Too soon for wage hikes, says IMF chief
Getting people back to work must take priority over wage increases, says IMF mission chief
Craig Beaumont, head of the International Monetary Fund’s Irish mission: told a conference that wages had been flat in Ireland for some years but it would be unfortunate if they were to pick up when unemployment was still high. Photograph: David Sleator
Getting people back to work must take priority over increasing the wages of those already in jobs, the head of the International Monetary Fund’s Irish mission said today.
Craig Beaumont told a conference that wages had been flat in Ireland for some years but it would be unfortunate if they were to pick up when unemployment was still high. He said he was not talking about profitable sectors of the economy but rather about the economy generally.
He suggested it might be time to restart dialogue between the social partners to ensure the long-term unemployed get a chance to return to work.
Mr Beaumont was speaking at a conference on the future direction of the Irish economy, organised by Trinity College, Dublin, with support from the European Commission.
He said reform of the health service was a key factor in public sector reform. He also said more needed to be done in relation to moving public service staff towards frontline engagement with job seekers.
Central Bank governor Patrick Honohan earlier said the EU-IMF programme of financial support for Ireland “delivered what it said on the tin” . The programme “provided a safe harbour into which Ireland was able to retreat, in order to clarify its ability and determination to deal with the severe financial problems that had so destructively erupted” in September 2008. However, he warned that the financial crisis will have a “lasting unfavourable legacy” on the State.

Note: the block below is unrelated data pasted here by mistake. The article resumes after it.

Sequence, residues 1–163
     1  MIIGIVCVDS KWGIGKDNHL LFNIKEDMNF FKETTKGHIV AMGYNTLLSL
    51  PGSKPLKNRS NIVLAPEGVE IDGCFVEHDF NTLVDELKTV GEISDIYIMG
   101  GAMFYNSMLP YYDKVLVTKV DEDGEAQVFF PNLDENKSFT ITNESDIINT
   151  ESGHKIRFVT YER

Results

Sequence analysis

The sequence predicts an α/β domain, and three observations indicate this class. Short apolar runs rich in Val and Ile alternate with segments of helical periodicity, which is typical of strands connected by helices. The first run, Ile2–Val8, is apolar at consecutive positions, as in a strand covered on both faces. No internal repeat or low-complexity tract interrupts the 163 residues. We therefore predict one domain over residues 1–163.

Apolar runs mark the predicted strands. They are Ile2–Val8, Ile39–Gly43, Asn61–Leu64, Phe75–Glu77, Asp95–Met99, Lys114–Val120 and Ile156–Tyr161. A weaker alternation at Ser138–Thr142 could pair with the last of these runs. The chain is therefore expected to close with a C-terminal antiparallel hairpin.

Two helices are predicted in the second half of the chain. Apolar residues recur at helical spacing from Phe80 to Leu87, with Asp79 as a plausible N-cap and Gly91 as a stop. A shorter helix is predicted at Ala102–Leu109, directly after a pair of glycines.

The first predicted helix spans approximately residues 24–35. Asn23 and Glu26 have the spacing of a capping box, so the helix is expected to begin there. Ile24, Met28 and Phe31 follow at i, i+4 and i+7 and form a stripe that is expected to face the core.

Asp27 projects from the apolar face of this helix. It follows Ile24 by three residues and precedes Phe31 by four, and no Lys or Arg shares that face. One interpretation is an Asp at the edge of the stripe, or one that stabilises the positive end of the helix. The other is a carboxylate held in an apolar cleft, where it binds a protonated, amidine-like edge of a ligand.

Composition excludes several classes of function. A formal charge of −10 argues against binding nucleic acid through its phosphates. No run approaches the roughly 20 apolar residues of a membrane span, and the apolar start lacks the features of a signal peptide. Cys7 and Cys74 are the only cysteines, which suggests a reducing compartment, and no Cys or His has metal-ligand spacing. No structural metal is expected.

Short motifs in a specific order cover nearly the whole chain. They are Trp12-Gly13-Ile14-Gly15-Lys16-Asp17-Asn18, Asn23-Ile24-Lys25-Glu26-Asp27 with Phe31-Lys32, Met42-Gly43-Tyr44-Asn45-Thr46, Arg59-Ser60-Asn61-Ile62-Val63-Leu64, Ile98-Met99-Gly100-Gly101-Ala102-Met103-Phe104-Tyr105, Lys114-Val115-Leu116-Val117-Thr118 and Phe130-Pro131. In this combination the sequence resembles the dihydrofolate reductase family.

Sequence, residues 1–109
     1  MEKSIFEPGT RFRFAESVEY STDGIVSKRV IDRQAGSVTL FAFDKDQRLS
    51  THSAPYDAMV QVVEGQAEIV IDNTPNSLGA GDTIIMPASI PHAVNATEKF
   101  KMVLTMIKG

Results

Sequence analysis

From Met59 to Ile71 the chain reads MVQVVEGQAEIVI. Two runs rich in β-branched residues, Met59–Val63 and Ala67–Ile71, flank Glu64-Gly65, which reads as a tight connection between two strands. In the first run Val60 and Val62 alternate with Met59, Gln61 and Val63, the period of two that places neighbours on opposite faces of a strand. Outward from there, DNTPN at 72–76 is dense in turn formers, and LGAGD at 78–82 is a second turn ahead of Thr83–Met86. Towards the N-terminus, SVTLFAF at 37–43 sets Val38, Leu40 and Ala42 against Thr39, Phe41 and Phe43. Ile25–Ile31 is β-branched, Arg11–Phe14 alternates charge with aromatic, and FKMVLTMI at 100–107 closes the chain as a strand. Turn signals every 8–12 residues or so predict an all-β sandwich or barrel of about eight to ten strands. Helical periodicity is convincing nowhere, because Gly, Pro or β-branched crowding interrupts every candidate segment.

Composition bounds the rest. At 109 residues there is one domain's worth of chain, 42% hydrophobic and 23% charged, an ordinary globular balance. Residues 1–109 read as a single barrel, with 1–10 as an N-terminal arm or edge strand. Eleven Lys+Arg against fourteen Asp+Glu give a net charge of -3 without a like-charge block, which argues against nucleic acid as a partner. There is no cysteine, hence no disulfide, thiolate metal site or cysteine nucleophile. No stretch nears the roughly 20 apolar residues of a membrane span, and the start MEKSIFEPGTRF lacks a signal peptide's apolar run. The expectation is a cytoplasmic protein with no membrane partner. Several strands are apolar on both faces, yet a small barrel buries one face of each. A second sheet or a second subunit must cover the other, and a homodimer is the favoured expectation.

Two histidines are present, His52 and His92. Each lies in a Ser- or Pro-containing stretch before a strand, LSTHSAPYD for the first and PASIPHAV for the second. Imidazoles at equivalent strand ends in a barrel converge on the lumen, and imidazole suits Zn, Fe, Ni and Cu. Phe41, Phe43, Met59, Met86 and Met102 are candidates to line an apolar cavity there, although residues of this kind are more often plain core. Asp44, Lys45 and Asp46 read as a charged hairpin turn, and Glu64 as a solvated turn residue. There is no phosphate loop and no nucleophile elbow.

“The accumulation of debt, public and private, will continue to weigh on growth prospects in a variety of ways. And many households are being affected by long term unemployment,” he said.
Barclays chief economist for the euro zone Antonio Garcia Pascual said the markets had been impressed by the way Ireland had reached its targets for reducing its deficit. The “super-important” issue was that the targets were met, not the pace at which the deficit was being closed.
Ireland’s approach to dealing with its deficit had been transparent and economic growth was given priority and this had been recognised by the markets. “Meeting targets, even if they are not ambitious, was as important as the consolidation itself,” he said. The National Asset Management Agency had done “a very good job in communicating with us in the markets,” he added.
However, with the State’s debt toGDP ratio set to peak at 124 per cent, he said the restoration of economic sovereignty should remain the priority for Irish policymakers. It was still unclear whether the banks would need further recapitalisation, he said. Zsolt Darvas, of the Bruegel think tank in Brussels, said social issues had received very little attention in the Troika programme. Ireland’s capacity to absorb external shocks was much less than it had been before the crisis.